The chief of the South African police has called British businessman Shrien Dewani a "monkey" for allegedly thinking it would be easy to kill his new bride in the country.
Dewani, 30, is accused of ordering the killing of Anni, 28, on their honeymoon after she was found dead in the back of an abandoned taxi with a bullet wound to her neck.
Taxi driver Zola Tongo, who drove the newlyweds to the dangerous Cape Town township of Gugulethu where his cab was hijacked before Anni was murdered, said Dewani offered 15,000 rand (1,400) for the killing just hours after the couple arrived in the country.
General Bheki Cele told South African media: "One monkey came from London to kill his wife here. He thought we South Africans were stupid. Don't kill people here."
His spokeswoman said the quote, attributed to the national commissioner of the South African Police Service, had to be seen in context.
She said: "He was referring to the fact that somebody thought it would be easy to commit a crime in South Africa.
"The quotes were taken out of context. He was emphasising the point that somebody had come from their country and thought it would be easy to commit a crime here."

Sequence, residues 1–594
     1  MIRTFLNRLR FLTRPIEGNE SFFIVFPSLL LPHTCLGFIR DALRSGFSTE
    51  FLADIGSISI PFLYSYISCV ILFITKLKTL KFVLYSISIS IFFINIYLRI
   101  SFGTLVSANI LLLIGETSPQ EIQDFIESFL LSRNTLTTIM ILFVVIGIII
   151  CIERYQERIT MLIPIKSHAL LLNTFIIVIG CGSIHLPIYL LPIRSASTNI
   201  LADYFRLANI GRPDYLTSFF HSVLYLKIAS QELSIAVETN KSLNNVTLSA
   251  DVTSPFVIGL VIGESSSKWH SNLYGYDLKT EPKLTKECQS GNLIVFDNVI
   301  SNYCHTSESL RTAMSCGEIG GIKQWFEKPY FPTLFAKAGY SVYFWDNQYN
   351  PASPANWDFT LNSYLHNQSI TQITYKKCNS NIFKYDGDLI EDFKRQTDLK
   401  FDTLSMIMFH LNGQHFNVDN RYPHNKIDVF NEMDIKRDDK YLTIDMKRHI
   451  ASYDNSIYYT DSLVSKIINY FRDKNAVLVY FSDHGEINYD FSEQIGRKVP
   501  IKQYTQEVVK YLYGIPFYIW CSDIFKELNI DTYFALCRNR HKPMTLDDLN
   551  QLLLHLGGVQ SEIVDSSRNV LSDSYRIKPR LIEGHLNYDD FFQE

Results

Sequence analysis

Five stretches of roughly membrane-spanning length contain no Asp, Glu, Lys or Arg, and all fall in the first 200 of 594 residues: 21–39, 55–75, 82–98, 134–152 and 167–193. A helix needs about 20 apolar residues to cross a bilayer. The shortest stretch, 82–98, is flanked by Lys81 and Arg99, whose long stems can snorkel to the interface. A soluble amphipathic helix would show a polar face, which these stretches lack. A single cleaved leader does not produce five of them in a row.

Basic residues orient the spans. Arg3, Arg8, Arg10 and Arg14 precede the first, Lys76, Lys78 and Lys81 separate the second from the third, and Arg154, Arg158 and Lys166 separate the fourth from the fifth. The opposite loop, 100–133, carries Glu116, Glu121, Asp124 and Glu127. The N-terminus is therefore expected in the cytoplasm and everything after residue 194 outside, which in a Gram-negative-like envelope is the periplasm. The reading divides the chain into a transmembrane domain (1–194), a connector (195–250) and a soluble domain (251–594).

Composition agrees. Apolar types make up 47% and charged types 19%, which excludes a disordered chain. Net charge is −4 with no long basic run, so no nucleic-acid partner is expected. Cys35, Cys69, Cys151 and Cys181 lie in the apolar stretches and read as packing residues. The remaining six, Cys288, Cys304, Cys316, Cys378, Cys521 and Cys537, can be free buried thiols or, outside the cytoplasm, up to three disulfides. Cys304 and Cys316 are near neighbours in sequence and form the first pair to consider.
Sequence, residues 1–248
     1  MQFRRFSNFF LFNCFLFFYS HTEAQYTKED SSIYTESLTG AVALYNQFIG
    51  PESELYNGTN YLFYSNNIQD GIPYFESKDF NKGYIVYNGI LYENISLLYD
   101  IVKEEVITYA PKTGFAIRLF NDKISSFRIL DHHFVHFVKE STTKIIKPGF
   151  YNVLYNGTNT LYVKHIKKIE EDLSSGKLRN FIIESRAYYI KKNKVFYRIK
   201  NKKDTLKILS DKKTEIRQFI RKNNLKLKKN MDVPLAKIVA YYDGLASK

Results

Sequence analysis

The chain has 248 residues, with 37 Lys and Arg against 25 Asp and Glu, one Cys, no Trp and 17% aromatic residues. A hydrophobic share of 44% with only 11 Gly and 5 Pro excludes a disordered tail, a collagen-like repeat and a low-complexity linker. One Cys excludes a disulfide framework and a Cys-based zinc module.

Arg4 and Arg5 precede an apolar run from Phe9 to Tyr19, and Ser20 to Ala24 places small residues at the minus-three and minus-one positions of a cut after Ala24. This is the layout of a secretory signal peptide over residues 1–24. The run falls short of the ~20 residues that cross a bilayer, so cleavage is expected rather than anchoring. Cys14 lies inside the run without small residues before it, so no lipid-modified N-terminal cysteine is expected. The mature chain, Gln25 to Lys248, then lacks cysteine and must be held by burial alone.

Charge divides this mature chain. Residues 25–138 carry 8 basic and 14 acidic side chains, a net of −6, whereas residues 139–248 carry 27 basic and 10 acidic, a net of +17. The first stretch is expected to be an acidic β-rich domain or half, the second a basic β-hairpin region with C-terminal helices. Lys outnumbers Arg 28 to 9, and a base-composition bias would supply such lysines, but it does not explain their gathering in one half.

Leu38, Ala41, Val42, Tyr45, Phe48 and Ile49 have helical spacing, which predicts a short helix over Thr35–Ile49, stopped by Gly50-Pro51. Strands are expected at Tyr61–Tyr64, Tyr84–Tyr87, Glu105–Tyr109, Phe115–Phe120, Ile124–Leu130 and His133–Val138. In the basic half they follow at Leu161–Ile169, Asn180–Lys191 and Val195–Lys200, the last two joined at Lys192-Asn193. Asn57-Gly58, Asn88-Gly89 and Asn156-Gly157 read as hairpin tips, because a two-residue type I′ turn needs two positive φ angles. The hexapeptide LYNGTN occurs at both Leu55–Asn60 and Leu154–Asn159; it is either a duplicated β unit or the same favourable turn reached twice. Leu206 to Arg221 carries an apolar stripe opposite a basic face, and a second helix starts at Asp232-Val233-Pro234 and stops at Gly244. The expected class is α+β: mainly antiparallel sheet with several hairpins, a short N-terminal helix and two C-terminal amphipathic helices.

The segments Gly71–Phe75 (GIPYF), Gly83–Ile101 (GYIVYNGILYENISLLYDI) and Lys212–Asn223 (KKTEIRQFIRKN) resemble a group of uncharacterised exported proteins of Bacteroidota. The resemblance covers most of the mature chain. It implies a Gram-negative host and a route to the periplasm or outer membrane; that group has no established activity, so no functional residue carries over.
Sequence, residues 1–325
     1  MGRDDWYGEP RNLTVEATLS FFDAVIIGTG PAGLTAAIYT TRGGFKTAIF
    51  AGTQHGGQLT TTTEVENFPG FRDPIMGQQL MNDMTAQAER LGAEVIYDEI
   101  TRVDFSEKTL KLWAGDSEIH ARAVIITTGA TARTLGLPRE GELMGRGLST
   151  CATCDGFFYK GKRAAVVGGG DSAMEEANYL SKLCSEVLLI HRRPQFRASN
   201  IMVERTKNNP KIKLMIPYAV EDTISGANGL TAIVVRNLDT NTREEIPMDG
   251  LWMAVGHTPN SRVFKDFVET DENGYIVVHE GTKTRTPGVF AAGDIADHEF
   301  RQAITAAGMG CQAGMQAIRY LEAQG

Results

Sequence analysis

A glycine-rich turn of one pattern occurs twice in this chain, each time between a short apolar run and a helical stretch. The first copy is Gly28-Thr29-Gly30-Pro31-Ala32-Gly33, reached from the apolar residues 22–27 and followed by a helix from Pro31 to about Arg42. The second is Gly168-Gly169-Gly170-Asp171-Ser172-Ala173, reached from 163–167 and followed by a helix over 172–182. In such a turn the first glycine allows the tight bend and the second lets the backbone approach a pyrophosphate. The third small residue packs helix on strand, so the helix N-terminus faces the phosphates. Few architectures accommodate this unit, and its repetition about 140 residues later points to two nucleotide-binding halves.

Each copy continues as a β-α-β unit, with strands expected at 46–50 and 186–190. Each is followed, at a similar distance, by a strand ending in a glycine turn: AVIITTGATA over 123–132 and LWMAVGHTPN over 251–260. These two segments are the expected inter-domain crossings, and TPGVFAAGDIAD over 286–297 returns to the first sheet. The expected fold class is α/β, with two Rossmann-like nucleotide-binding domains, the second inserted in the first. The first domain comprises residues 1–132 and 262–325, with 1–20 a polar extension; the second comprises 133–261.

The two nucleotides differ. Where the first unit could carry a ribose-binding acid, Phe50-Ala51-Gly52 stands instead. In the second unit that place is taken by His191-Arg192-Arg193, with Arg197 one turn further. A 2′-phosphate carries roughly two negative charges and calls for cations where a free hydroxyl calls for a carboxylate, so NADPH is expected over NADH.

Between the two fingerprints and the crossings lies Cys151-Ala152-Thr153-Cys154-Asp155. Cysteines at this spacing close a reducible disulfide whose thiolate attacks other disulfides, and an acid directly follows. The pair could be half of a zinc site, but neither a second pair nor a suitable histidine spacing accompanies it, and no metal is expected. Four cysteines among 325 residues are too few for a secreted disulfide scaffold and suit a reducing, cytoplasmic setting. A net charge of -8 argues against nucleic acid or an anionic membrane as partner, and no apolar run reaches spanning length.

South African authorities want to extradite the wealthy care home owner from Westbury-on-Trym in Bristol.
He was bailed at a hearing at City of Westminster Magistrates' Court in London on Wednesday, only to be denied his freedom shortly afterwards when a lawyer representing the South African authorities said they would appeal against the decision.
A High Court judge will hear the appeal this morning and Dewani will remain in custody at least until then.
His sister-in-law said that if the allegation against Dewani was true, then it was "unforgivable".
Anni's sister, Ami Denborg, refused to be drawn on whether her family thought he was behind the murder on November 13.
But she said that if he was guilty, "then what he has done is unforgivable".
She said: "You can't just kill somebody. It is scary. What the hell was he thinking?"
It has also emerged that Dewani was reportedly seen on CCTV paying cash to the cabbie days after Anni's body was found.
Tongo's allegation formed part of a plea agreement drawn up with prosecutors at Western Cape High Court in South Africa, where he was jailed for 18 years earlier this week for his part in the killing.
The taxi driver claimed Dewani ordered the killing to appear like a bungled carjacking.
The court heard that investigators have questioned why Dewani did not use an airport-to-hotel shuttle service, hiring Tongo instead.
It also questioned why Tongo had taken the couple to such a dangerous area when the restaurant they wanted to visit there was closed.
Clare Montgomery QC, representing Dewani, said her client was accused by a group of self-confessed robbers and murderers desperate to escape a life sentence and branded the case against him "flimsy".
She suggested it was cooked up to protect the image of South Africa as a tourist destination as it would "seriously damage the reputation of South Africa if it were merely the work of a local gang".